REST API: Key Concepts, Best Practices, and Benefits

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Thousands of companies — from tech giants like Google, YouTube, and Twitter to startups — owe their business growth to application program interfaces or APIs. Acting as middlemen between machines, APIs make a variety of web products accessible to millions of customers across the World Wide Web.

Catch the essence of what an API is.

Similar to waiters who take orders and bring drinks and food in a restaurant, APIs accept requests from apps and return desired data or functionality. More often than not, they do their job in REST style. This article outlines what REST is, why it is so widespread, and what makes an API truly RESTful.

What is REST API and how does it work

REST is short for Representational State Transfer, an architectural style for building web services that interact via an HTTP protocol. Its principles were formulated in 2000 by computer scientist Roy Fielding and gained popularity as a scalable and flexible alternative to older methods of machine-to-machine communication. It still remains the gold standard for public APIs.

REST API in action

A REST client can interact with each resource by sending an HTTP request.

The key elements of the REST API paradigm are

  • a client or software that runs on a user’s computer or smartphone and initiates communication;
  • a server that offers an API as a means of access to its data or features; and
  • a resource, which is any piece of content that the server can provide to the client (for example, a video or a text file).

To get access to a resource, the client sends an HTTP request. In return, the server generates an HTTP response with encoded data on the resource. Both types of REST messages are self-descriptive, meaning they contain information on how to interpret and process them.

REST request structure

Any REST request includes four essential parts: an HTTP method, an endpoint, headers, and a body.

An HTTP method describes what is to be done with a resource. There are four basic methods also named CRUD operations:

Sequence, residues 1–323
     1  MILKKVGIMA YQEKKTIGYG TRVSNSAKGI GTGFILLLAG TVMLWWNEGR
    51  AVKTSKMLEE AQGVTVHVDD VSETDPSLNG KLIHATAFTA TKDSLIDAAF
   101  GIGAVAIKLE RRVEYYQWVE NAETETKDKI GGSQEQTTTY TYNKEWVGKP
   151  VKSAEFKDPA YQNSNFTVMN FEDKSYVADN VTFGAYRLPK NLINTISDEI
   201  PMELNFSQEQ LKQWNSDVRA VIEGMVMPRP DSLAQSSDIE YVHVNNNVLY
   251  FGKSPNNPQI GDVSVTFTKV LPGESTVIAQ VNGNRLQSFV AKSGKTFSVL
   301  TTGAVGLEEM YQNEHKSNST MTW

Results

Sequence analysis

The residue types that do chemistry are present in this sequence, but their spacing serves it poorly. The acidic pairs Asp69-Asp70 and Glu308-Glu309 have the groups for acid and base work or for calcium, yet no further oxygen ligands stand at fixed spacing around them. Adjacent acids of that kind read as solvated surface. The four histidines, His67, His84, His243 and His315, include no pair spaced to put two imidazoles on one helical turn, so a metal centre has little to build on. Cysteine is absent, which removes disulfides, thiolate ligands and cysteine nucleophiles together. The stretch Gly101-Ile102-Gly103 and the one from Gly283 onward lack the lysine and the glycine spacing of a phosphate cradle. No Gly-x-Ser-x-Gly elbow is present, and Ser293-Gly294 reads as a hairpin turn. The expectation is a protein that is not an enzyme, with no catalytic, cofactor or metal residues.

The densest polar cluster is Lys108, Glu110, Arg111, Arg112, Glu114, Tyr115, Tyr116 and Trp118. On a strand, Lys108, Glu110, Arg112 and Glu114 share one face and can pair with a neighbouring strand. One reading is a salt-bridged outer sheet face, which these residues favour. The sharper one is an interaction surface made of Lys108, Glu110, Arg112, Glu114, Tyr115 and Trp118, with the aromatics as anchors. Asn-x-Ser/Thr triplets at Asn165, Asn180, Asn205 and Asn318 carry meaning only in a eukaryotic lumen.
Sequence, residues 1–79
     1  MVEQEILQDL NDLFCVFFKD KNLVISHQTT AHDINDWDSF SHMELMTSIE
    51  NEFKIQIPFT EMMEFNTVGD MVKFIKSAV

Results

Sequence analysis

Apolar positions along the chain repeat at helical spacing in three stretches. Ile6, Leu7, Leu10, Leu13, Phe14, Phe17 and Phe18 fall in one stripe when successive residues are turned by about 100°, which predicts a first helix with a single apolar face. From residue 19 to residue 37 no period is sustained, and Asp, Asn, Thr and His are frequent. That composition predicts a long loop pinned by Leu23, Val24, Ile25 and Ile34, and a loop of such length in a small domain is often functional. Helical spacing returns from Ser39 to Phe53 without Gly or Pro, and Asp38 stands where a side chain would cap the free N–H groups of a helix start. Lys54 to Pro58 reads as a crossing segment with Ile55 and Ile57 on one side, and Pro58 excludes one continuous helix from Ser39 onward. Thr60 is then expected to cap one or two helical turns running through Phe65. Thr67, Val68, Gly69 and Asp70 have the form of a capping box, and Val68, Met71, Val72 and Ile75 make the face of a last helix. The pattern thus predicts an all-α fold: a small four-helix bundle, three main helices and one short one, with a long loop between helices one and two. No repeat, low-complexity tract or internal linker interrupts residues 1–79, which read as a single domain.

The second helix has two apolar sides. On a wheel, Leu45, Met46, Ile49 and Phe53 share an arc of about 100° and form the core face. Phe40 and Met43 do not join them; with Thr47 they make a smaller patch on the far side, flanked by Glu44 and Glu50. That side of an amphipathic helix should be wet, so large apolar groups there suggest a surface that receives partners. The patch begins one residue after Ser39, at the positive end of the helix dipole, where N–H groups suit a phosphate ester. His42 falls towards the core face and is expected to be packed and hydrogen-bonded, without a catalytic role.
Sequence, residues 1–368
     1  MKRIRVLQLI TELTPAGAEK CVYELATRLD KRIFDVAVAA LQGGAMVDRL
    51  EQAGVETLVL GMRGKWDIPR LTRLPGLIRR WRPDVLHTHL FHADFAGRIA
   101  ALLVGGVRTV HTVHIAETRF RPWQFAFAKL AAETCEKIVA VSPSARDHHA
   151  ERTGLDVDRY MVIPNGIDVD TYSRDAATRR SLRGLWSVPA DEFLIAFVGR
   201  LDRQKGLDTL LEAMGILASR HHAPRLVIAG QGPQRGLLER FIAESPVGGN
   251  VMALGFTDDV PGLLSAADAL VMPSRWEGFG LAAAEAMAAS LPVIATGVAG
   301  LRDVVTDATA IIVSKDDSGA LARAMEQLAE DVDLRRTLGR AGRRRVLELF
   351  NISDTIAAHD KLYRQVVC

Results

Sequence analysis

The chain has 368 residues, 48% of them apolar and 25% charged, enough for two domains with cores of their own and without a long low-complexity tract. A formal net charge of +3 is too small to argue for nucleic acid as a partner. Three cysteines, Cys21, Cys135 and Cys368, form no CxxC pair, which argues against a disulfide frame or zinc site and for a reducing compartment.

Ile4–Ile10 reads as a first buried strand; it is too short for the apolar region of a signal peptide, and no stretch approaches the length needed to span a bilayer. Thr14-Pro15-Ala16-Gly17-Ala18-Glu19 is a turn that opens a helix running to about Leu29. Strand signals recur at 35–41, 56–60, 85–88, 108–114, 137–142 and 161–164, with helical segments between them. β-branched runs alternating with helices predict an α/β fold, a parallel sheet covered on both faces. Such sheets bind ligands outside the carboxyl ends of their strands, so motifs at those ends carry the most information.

• POST to Create a resource,
  • GET to Retrieve a resource,
  • PUT to Update a resource, and
  • DELETE to Delete a resource.

An endpoint contains a Uniform Resource Identifier (URI) indicating where and how to find the resource on the Internet. The most common type of URI is a Unique Resource Location (URL), serving as a complete web address.

Headers store information relevant to both the client and server. Mainly, headers provide authentication data — such as an API key, the name or IP address of the computer where the server is installed, and the information about the response format.

A body is used to convey additional information to the server. For instance, it may be a piece of data you want to add or replace.

REST request structure

REST request for creating a new user where the response will return the ID of the created resource. Source: Tableau API

REST response structure

In response, the server sends not the sought-for resource itself, but its representation — a machine-readable description of its current state. The same resource can be represented in different formats, but the most popular ones are XML and JSON.

Whenever relevant, a server includes in the response hyperlinks or hypermedia that links to other related resources. This way, the server gives instructions on what the client can do next and what further requests it can make.

REST response structure

An example of a self-descriptive server response with hypermedia. Source: Lauren Long

REST best practices: what makes an API RESTful

REST isn’t linked to any particular technology or platform. Nor does it dictate exactly how to build an API. Instead, it introduces best practices known as constraints. They describe how the server processes requests and responds to them. Operating within these constraints, the system gains desirable properties.

Client-server autonomy

Properties gained: modifiability, better system reliability

In the REST API system, the client and server work independently, using different tech stacks. The client doesn’t need to know anything about business logic, while the server has no idea about the user interface. The separation of responsibilities means that API providers and API consumers can be modified and it won’t backfire on their communication.